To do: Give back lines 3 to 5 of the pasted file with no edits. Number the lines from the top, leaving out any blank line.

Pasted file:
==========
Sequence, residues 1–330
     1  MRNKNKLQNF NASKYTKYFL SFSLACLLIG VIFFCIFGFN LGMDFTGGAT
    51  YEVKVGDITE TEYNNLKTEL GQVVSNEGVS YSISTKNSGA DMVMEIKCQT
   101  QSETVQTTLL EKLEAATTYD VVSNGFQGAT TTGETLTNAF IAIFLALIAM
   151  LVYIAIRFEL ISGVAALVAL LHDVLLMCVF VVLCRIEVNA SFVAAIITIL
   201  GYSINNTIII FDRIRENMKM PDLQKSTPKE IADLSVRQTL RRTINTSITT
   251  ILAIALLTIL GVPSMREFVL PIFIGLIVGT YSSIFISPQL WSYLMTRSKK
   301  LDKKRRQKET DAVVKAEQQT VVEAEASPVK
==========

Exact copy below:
    51  YEVKVGDITE TEYNNLKTEL GQVVSNEGVS YSISTKNSGA DMVMEIKCQT
   101  QSETVQTTLL EKLEAATTYD VVSNGFQGAT TTGETLTNAF IAIFLALIAM
   151  LVYIAIRFEL ISGVAALVAL LHDVLLMCVF VVLCRIEVNA SFVAAIITIL